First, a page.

Вашингтон Ирвинг
Wolfert's Roost, and Miscellanies

And cloud-cleaving geese to the lakes are a-steering;
When first the lone butterfly flits on the wing,
When red glow the maples, so fresh and so pleasing,
O then comes the blue-bird, the herald of spring,
And hails with his warblings the charms of the season.

The loud-piping frogs make the marshes to ring;
Then warm glows the sunshine, and warm glows the weather;
The blue woodland flowers just beginning to spring,
And spice-wood and sassafras budding together;
O then to your gardens, ye housewives, repair,
Your walks border up, sow and plant at your leisure;
The blue-bird will chant from his box such an air,
That all your hard toils will seem truly a pleasure.

He flits through the orchard, he visits each tree,
The red flowering peach, and the apple's sweet blossoms;
He snaps up destroyers, wherever they be,
And seizes the caitiffs that lurk in their bosoms;
He drags the vile grub from the corn it devours,
The worms from the webs where they riot and welter;
His song and his services freely are ours,
And all that he asks is, in summer a shelter.

The ploughman is pleased when he gleams in his train,
Now searching the furrows, now mounting to cheer him;
The gard'ner delights in his sweet simple strain,
And leans on his spade to survey and to hear him.
The slow lingering school-boys forget they'll be chid,
While gazing intent, as he warbles before them,
In mantle of sky-blue, and bosom so red,
That each little loiterer seems to adore him.

The happiest bird of our spring, however, and one that rivals the European lark, in my estimation, is the Boblincon, or Boblink, as he is commonly called. He arrives at that choice portion of our year, which, in this latitude, answers to the description of the month of May, so often given by the poets. With us, it begins about the middle of May, and lasts until nearly the middle of June. Earlier than this, winter is apt to return on its traces, and to blight the opening beauties of the year; and later than this, begin the parching, and panting, and dissolving heats of summer. But in this genial interval, nature is in all her freshness and fragrance: "the rains are over and gone, the flowers appear upon the earth, the time of the singing of birds is come, and the voice of the turtle is heard in the land." The trees are now in their fullest foliage and brightest verdure; the woods are gay with the clustered flowers of the laurel; the air is perfumed by the sweet-briar and the wild rose; the meadows are enamelled with clover-blossoms; while the young apple, the peach, and the plum, begin to swell, and the cherry to glow, among the green leaves.

This is the chosen season of revelry of the Boblink. He comes amidst the pomp and fragrance of the season; his life seems all sensibility and enjoyment, all song and sunshine. He is to be found in the soft bosoms of the freshest and sweetest meadows; and is most in song when the clover is in blossom. He perches on the topmost twig of a tree, or on some long flaunting weed; and as he rises and sinks with the breeze, pours forth a succession of rich tinkling notes; crowding one upon another, like the outpouring melody of the skylark, and possessing the same rapturous character. Sometimes he pitches from the summit of a tree, begins his song as soon as he gets upon the wing, and flutters tremulously down to the earth, as if overcome with ecstasy at his own music. Sometimes he is in pursuit of his paramour; always in full song, as if he would win her by his melody; and always with the same appearance of intoxication and delight.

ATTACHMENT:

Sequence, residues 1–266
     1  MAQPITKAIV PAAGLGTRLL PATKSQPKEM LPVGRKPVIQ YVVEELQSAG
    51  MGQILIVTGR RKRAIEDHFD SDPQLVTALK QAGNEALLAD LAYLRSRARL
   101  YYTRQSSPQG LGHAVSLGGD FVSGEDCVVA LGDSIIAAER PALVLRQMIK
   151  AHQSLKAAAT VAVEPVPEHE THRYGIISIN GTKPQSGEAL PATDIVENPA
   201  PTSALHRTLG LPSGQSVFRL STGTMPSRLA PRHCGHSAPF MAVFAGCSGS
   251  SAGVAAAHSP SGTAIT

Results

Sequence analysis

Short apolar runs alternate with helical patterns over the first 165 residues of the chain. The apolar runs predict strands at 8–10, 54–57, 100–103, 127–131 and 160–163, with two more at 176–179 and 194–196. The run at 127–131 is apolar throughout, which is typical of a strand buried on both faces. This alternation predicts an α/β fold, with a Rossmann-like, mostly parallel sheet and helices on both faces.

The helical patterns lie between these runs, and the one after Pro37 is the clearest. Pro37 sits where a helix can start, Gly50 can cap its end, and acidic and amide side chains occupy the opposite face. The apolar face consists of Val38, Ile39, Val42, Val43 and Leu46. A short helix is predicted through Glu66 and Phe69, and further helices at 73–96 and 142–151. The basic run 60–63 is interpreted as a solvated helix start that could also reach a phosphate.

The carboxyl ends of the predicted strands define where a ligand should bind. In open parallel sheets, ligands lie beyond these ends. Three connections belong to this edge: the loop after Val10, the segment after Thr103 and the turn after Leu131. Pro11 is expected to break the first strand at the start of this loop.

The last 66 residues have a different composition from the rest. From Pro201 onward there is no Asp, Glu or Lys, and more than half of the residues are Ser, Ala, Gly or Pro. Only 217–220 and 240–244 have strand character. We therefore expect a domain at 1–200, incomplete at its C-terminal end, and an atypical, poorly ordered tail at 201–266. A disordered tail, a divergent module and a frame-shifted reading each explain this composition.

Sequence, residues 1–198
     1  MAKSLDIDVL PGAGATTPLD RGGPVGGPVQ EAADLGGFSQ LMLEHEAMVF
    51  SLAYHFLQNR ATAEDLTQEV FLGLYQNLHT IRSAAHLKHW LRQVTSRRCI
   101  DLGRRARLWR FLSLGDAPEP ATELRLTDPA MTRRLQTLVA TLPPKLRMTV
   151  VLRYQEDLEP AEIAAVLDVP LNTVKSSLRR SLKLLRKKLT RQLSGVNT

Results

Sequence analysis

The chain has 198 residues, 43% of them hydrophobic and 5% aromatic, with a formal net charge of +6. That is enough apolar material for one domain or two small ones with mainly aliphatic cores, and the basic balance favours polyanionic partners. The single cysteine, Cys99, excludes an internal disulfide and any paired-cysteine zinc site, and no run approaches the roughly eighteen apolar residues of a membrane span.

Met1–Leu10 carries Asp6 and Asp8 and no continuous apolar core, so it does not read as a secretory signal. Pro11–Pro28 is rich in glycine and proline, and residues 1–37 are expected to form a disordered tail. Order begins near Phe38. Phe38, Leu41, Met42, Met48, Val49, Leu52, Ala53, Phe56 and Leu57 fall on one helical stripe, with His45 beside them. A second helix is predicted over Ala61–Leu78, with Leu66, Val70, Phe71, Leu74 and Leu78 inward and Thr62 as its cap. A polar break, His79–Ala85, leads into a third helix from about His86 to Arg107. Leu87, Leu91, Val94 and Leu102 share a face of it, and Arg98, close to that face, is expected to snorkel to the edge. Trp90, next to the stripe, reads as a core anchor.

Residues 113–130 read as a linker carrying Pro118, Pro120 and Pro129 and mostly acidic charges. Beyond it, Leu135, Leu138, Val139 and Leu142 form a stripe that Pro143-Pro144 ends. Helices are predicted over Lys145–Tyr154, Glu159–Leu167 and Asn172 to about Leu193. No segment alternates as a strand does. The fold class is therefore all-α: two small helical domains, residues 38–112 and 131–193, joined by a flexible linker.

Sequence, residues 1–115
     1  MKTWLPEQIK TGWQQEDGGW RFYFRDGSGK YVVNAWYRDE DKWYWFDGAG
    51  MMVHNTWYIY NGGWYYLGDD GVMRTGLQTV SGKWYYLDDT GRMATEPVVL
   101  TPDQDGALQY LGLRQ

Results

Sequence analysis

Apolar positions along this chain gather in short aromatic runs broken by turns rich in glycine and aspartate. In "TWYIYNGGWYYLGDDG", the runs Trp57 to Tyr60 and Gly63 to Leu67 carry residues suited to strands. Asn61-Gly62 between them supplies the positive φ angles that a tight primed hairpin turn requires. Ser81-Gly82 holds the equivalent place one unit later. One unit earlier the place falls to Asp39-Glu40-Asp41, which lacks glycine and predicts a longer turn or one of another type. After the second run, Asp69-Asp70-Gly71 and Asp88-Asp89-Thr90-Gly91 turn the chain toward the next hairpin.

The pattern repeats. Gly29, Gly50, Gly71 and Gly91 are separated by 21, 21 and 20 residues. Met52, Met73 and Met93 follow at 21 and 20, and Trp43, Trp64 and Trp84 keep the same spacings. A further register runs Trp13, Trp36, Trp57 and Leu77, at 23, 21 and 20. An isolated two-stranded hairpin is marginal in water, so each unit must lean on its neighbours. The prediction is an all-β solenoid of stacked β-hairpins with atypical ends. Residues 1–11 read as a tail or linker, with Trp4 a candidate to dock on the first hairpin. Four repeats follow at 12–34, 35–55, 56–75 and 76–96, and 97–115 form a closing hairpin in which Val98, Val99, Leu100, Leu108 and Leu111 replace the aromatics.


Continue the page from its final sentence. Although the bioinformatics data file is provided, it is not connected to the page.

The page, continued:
Of all the birds of our groves and meadows, the Boblink was the envy of my boyhood. He crossed my path in the sweetest weather, and the sweetest season of the year, when all nature called to the fields, and the rural feeling throbbed in every bosom; but when I, luckless urchin! was doomed to be mewed up, during the livelong day, in that purgatory of boyhood, a school-room. It seemed as if the little varlet mocked at me, as he flew by in full song, and sought to taunt me with his happier lot. Oh, how I envied him! No lessons, no tasks, no hateful school; nothing but holiday, frolic, green fields, and fine weather. Had I been then more versed in poetry, I might have addressed him in the words of Logan to the cuckoo:

Sweet bird! thy bower is ever green,
Thy sky is ever clear;
Thou hast no sorrow in thy note,
No winter in thy year.

Oh! could I fly, I'd fly with thee;
We'd make, on joyful wing,
Our annual visit round the globe,
Companions of the spring!

Farther observation and experience have given me a different idea of this little feathered voluptuary, which I will venture to impart, for the benefit of my school-boy readers, who may regard him with the same unqualified envy and admiration which I once indulged. I have shown him only as I saw him at first, in what I may call the poetical part of his career, when he in a manner devoted himself to elegant pursuits and enjoyments, and was a bird of music, and song, and taste, and sensibility, and refinement. While this lasted, he was sacred from injury; the very school-boy would not fling a stone at him, and the merest rustic would pause to listen to his strain. But mark the difference. As the year advances, as the clover-blossoms disappear, and the spring fades into summer, his notes cease to vibrate on the ear. He gradually gives up his elegant tastes and habits, doffs his poetical and professional suit of black, assumes a russet or rather dusty garb, and enters into the gross enjoyments of common, vulgar birds. He becomes a bon-vivant, a mere gourmand; thinking of nothing but good cheer, and gormandizing on the seeds of the long grasses on which he lately swung, and chaunted so musically. He begins to think there is nothing like "the joys of the table," if I may be allowed to apply that convivial phrase to his indulgences. He now grows discontented with plain, every-day fare, and sets out on a gastronomical tour, in search of foreign luxuries. He is to be found in myriads among the reeds of the Delaware, banqueting on their seeds; grows corpulent with good feeding, and soon acquires the unlucky renown of the ortolan. Whereever he goes, pop! pop! pop! the rusty firelocks of the country are cracking on every side; he sees his companions falling by the thousands around him; he is the reed-bird, the much-sought-for tit-bit of the Pennsylvanian epicure.

Does he take warning and reform? Not he! He wings his flight still farther south, in search of other luxuries. We hear of him gorging himself in the rice swamps; filling himself with rice almost to bursting; he can hardly fly for corpulency. Last stage of his career, we hear of him spitted by dozens, and served up on the table of the gourmand, the most vaunted of southern dainties, the rice-bird of the Carolinas.